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Still Hope To Keep After-School Programs, More Recreation Centers

Hillsborough County commissioners will review Aug. 24 a proposal by Ken Hagan to keep more recreation centers open and to keep after-school programs at those centers, including the Brandon Recreation Center. A Brandon rally is set for Aug. 11.

Closing after-school programs at county recreation centers — including the Brandon Recreation Center — is not yet a done deal, according to County Commissioner Ken Hagan, whose proposal to keep more recreation centers open and to provide after-school programming at those centers will be discussed by the board at its Aug. 24 meeting.

A rally to save after-school programs is scheduled for 7 p.m. Aug. 11 at the Brandon Recreation Center at 502 East Sadie Street.

Hillsborough County Commissioners voted 4 to 3 last month to eliminate the county's after-school program and close 31 of the county’s 42 recreation centers.

Cutting the program and closing all but 11 recreation centers would save $7.5 million, according to park officials.

Hagan and commissioners Les Miller and Victor Crist voted against ending the program. Commissioners Mark Sharpe, Sandra Murman, Al Higginbotham and Kevin Beckner voted to eliminate the program.

But while the after-school program may be on life support it's not dead yet.

At the same July 27 meeting where they voted to eliminate the after-school program and shut down the majority of recreation centers, commissioners also voted to discuss Hagan’s last-ditch proposal to save the after-school program and keep more recreation centers open.

Hagan proposed keeping open an addition 19 recreation centers and retaining the after-school program at those centers. He also wants the county to reduce fees for the after-school program in the hopes of enrolling more children in the program, making it more cost-effective.

“If you look at the last few years there’s been a decrease in the number of kids participating in the program, which correlates to the fees,” Hagan said in an interview this week. "If you factor in transportation, parents are paying even more. I would like to see if we can bring down the fees for the after-school program and increase enrollment."

The commission will discuss Hagan’s proposals at the Aug. 24 meeting and the commissioner said he believes he could get the one or two swing votes he needs to pass the measure.

“I think there’s a reasonably good chance of that happening,” Hagan said. 

District 4 commissioner Al Higginbotham is one of those votes.

“If we can find ways to fund these programs at the recreation centers we are going to, but it will mean taking money from another department,” Higginbotham in an interview.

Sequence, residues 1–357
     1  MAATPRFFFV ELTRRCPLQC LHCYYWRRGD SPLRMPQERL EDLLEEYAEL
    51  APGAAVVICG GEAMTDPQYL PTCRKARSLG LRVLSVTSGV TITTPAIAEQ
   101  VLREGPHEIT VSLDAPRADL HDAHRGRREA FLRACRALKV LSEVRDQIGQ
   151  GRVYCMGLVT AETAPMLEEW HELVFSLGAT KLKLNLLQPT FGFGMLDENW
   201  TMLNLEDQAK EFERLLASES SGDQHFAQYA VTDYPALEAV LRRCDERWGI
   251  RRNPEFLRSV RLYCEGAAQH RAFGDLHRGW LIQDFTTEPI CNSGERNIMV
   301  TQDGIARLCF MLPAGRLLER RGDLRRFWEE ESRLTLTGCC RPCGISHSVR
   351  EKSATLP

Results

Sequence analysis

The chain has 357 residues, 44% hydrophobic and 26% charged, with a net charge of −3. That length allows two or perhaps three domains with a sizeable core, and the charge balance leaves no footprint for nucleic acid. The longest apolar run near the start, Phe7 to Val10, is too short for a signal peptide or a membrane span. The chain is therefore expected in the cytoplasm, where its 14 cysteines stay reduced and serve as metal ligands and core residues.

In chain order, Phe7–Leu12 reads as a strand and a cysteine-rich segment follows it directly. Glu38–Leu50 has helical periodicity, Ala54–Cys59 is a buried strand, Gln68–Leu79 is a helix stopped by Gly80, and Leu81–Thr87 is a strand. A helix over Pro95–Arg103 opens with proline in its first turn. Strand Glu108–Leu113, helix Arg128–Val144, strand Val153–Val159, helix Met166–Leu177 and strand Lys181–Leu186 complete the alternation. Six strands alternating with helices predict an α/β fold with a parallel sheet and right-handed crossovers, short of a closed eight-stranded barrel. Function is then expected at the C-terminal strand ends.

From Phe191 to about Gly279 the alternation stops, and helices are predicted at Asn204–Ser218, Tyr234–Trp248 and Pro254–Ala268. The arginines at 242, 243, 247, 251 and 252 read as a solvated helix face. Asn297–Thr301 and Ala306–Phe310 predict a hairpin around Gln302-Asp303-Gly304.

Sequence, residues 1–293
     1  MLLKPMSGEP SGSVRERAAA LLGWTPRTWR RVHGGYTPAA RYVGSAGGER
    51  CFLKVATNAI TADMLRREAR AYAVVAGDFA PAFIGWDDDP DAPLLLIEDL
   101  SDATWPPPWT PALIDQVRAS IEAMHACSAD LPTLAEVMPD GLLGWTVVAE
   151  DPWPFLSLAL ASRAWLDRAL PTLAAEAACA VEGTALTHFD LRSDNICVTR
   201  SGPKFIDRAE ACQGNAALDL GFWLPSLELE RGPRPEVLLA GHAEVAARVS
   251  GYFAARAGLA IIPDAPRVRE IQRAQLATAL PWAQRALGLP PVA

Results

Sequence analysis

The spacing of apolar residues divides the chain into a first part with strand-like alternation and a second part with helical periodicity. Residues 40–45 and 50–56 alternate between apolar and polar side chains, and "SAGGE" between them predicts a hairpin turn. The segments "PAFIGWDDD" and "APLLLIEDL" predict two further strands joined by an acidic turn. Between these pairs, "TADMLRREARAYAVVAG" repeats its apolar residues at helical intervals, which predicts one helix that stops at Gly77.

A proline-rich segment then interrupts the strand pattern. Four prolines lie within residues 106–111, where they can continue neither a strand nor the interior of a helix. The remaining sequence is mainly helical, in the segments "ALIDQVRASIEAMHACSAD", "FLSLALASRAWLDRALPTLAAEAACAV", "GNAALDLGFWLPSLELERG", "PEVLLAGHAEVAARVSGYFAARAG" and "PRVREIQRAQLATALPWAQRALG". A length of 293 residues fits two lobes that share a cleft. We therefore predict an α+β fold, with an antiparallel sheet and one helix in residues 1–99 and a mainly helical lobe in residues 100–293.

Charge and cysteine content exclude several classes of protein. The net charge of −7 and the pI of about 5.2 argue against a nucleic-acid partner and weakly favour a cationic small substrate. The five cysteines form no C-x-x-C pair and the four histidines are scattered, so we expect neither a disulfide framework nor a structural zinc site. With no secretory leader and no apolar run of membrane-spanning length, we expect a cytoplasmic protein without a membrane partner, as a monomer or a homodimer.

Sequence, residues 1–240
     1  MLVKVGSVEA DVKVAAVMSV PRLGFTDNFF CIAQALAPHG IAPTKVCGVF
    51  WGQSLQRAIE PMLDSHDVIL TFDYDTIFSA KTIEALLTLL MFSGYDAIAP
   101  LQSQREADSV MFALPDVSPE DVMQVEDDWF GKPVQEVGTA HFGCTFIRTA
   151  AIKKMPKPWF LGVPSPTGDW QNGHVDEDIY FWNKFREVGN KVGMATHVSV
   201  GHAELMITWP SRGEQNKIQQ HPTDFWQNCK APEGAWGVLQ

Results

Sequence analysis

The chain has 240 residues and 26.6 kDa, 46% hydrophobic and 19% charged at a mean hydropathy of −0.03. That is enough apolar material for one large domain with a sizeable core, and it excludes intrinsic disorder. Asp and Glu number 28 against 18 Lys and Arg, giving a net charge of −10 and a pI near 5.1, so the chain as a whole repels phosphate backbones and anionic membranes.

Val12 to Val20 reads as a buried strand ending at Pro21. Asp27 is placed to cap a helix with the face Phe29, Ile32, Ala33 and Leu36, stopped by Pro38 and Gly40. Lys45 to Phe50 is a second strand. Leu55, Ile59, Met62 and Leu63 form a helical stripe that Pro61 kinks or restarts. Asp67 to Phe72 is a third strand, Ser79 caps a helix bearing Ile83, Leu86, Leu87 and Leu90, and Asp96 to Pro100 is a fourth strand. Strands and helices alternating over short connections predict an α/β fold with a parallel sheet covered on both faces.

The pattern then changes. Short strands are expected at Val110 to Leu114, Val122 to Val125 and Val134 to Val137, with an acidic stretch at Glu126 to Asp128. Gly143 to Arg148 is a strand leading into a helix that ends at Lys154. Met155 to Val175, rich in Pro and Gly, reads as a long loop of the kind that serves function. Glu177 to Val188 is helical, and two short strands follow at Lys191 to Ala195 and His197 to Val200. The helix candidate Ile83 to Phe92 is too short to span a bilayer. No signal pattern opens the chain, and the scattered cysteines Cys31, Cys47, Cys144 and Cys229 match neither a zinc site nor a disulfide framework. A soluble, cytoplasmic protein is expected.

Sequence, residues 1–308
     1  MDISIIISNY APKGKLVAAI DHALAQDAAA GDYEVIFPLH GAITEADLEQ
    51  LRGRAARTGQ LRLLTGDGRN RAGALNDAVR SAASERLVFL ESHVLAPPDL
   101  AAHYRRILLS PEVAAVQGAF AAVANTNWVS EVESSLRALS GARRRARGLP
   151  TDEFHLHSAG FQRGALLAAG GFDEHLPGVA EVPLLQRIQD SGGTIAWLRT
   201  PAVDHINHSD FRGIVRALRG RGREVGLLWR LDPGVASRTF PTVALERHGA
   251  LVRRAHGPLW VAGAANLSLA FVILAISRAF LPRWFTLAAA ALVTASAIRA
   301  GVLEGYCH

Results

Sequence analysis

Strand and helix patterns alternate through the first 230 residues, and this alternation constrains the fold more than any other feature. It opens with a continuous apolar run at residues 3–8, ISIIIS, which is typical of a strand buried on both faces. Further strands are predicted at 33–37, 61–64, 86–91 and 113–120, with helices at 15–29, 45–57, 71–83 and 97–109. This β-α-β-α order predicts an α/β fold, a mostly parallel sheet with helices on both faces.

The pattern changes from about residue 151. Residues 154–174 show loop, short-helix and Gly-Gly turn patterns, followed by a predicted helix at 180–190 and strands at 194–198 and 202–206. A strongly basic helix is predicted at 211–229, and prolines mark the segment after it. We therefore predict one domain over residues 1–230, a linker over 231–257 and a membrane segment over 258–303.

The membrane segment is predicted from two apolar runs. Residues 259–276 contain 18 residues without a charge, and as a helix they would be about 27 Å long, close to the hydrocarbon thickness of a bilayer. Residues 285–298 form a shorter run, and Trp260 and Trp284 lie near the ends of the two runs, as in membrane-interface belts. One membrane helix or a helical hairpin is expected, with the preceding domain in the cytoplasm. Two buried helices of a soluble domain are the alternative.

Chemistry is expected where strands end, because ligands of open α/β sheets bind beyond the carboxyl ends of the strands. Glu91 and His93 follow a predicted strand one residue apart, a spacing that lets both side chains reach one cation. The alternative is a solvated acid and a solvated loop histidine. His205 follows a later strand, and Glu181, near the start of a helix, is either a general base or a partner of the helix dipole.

He said he wants to see specifics on Hagan’s recreation proposal. His district covers Brandon and Eastern Hillsborough County.

“I’ve got to see more,” Higginbotham said. "I need to know where the money will come from. We are at the point where breathing life into one program is taking from another.”

Commissioners who voted to eliminate the after-school program said there are alternatives to the county’s after-school program including the YMCA, Boys & Girls clubs and the school district's HOST program (Hillsborough Out of School Time).

“No child has been put on the street, it’s just a transfer of authority to other programs like HOST,” Higginbotham said. "When someone says a child won’t have a program after school it is not true. It will just be handled by the schools.”

Parents at the July hearing and in subsequent interviews said their children won't get the same level of care at other after-school programs and that not all schools — including Mann and McLane middle schools in Brandon — offer HOST programs.

Officials at the Brandon Family YMCA said their facility does not meet licensing requirements for after-school programming and would need a covered pavilion, at an expense of about $65,000, to do so.

The vote to eliminate after-school programs came on the heels of a dominated by Brandon-area parents who pleaded to keep the after-school program.

At the hearing, Megan Cox said she was surprised by the vote to eliminate the program.

“They don’t seem to be taking into consideration that there are alternatives [to closing the progam] out there,” she said. "There are parents who depend on the after-school program who are now left to scramble for after-school care three weeks before school starts.”

JO ANN BROWNING August 12, 2011 at 12:55 AM
What will parents do that work until 5P.M. There kids will be on the streets do who knows what. They will be getting in to trouble. What about the ones that are on a fixed income. The ones that work for minum wage or just above it. How can these people afford it. HOW CAN PEOPLE WITH MORE THEN ONE CHILDERN IN THE CENTER CAN PAY FOR IT. THIS IS FROM JO ANN BROWNING RUSKIN CENTER
Michelle August 16, 2011 at 12:52 AM
I just know how I will vote in November.
Michelle August 16, 2011 at 01:01 AM
Higginbotham will not get my vote when he comes up for re-election. There is more to the after school program than babysitting. It is a crime prevention measure. The more eyes on county buildings the less vandalism. When buildings are empty they get broke into. Look at all the forclosed homes that have squaters in them. Not to mention this has be being talked about for months and there still is not a plan nor has the alternative plans been looked at. Too many misleading numbers. Too much miss information. I would be embarassed if I was on the BOCC. School starts before the meeting to look at alternatives. Let's get it together. It's ok to give more money to Ybor. One area in the county, but a county wide program is cut. Priorities people. Protect the past to the sake of the future. Or protect both.

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